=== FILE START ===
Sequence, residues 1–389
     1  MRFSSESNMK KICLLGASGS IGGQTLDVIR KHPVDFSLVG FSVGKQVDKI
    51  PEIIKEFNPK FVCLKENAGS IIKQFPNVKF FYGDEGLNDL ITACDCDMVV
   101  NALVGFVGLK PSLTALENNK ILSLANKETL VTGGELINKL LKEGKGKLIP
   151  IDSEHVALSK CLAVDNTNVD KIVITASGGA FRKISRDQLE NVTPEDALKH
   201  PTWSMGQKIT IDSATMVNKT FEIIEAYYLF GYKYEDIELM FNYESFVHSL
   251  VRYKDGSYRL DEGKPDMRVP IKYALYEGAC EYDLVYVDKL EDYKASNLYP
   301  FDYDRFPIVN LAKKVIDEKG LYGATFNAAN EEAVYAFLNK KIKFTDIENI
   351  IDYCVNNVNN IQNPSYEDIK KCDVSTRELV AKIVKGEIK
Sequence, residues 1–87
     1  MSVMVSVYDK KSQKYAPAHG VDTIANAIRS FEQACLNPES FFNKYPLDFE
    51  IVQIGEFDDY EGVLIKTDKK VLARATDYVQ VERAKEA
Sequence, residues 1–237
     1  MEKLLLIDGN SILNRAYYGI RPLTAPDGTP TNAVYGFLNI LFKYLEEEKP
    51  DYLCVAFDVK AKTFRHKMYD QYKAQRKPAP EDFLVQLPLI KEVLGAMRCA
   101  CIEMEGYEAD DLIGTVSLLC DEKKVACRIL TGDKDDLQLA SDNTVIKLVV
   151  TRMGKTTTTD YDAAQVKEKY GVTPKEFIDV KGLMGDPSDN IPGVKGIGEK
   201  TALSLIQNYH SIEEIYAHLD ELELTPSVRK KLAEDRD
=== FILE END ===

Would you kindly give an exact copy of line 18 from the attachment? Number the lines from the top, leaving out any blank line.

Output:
   201  TALSLIQNYH SIEEIYAHLD ELELTPSVRK KLAEDRD